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Six Nations: Devin Toner ready to stand up and fill void left by Paul O'Connell

By David Kelly

Irish supporters surely won't be asking too much for the almost 6ft 10in Devin Toner to stand tall this Sunday.

In an Irish rugby landscape without Paul O'Connell's imposing presence, Toner will now be charged with leading Ireland's aerial battle from touch and imposing himself in the trenches further infield.

There will be many voices swirling around the Meath man's head. From some suspicious supporters who doubt whether he can prove capable of filling some of the vast void bequeathed by the Limerick colossus for one.

And then there will be the nagging entreaties from Alun Wyn Jones in a red shirt, goading him at every lineout, questioning his calls, seeking weakness in his every judgment.

Louder than any, he is utterly certain, will be the clearest voice of them all: his own, persistently engaging the positive mental attributes that will equip him for one of his sternest challenges ever, particularly amongst a tight five denuded of so much experience and heft.

"Obviously there's a lot being said about Paulie being gone and that there's a few people that need to stand up and show leadership," said Toner, already visibly assuming the mantle that has afforded him more responsibility in green than at any time before in his 31-Test, five-year Irish career.

At 29, he can no longer hide his light beneath a bushel.

"I pretty much knew coming in I'd need to take a lot more on myself, leadership-wise and line-out wise. I needed to take a lot more onus that way.

"I suppose in the actual game, not too much. All you need to do if you're calling the lineout is to keep calm and keep your head.

"I have a fair bit of experience going into this campaign now, calling lineouts and having that onus.

"So I'm not looking to change too much, but, again, just try to get more involved in the game and take on more leadership.

"It is exciting. If it didn't excite you then you'd be in the wrong game. It's a challenge as well, but as professional players that's what you want to play for. You want to play for these big challenges.

"It will lead me to being more vocal. But, again, specifically around lineout time.

"We do have a lot of leaders around the pitch so I wouldn't be speaking up too much because a lot of people would be talking all over the place then.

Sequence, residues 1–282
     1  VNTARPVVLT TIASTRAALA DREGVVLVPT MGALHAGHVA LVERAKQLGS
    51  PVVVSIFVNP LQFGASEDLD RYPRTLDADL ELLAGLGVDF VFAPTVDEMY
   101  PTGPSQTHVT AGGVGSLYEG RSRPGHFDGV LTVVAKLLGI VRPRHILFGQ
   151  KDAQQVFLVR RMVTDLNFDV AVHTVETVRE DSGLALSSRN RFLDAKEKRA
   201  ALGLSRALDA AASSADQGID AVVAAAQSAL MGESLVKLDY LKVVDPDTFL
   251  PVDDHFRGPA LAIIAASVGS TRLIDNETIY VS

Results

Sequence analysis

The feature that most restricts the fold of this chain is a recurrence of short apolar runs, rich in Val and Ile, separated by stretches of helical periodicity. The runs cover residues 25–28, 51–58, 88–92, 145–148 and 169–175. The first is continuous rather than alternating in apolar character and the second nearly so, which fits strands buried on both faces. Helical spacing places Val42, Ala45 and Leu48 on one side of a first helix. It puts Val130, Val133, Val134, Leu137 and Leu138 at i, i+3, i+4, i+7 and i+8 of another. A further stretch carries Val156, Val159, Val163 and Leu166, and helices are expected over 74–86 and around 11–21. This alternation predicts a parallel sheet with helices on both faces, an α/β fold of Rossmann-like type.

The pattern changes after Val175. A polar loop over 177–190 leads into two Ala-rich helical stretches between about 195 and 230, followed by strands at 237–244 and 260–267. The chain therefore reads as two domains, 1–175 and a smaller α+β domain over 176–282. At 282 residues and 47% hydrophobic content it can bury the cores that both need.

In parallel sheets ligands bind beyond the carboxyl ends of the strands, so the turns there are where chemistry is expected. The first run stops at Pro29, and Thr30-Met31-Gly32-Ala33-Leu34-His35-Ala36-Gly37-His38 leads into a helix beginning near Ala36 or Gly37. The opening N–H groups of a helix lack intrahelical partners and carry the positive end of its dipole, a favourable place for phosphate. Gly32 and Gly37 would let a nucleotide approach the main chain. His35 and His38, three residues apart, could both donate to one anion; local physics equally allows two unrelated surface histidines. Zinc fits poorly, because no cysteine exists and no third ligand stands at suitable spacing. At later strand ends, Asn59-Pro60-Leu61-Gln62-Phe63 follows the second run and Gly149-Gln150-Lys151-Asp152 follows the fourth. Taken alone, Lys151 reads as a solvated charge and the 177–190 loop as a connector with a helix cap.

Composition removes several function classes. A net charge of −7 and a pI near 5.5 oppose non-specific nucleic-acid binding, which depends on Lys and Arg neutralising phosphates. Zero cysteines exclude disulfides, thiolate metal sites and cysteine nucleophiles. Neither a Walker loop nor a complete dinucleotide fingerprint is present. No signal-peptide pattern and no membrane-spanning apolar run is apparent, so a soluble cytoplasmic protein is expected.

"If you had too many people talking up, it would detract from it. I'm probably sticking to what I know, basically."

He called the lineout on his Ireland debut all those years ago against Samoa but, if it can be said of someone who scales 6ft 10in, he flew beneath the radar.

But he does so for Leinster, too, and so is more than prepared for the wiles of Jones.

"Sometimes you can get in their heads, or they in yours, some times it is a bit different," he said. "I know Alan Wyn tries to get into your head, he loves talking and chatting. But a lot of the time, I don't even listen to it.

"I have a call in my head, that's what I want to do and where I want to go. I'm just going to go for it, back myself and back the call.

"They try to get into your head but it is up to you to block it out. He'll say, 'I know what you are going to do, you're going to go to the front aren't you?' It's little things."

Despite being without two first-choice props, defensive lineout specialist Peter O'Mahony and, of course, O'Connell, Ireland have little doubt they can assuage public fears that the Welsh eight can hold sway from touch and in tight.

Assistant coach Simon Easterby said: "Devin and Donncha Ryan both call lineouts for their respective provinces, so it's not an issue as far as I'm concerned.

"Yes, Test match rugby is different but if Paulie's gone off, Donners (Donncha O'Callaghan) or Dev (Toner) have stepped up anyway to call when they're playing.

"So I don't see that as an issue; they thrive on that responsibility. It's a test for us in the lineout and scrum in particular."

The lineout caller normally dominates possession; a skyscraper like Toner would expect to but the only stat that matters to him is the final scoreline as Ireland begin another life beyond another legend.

Toner added: "Inevitably, whoever is calling the lineout will get more of the lineout stats. It's no secret that when I play with Leinster, I get a lot of the ball as well.

"It's fair to say there is more pressure on me now than in previous years but I am enjoying it.

"As long as we win our own ball, I don't care whether I get it or not. As long as we win, I don't care."

Belfast Telegraph


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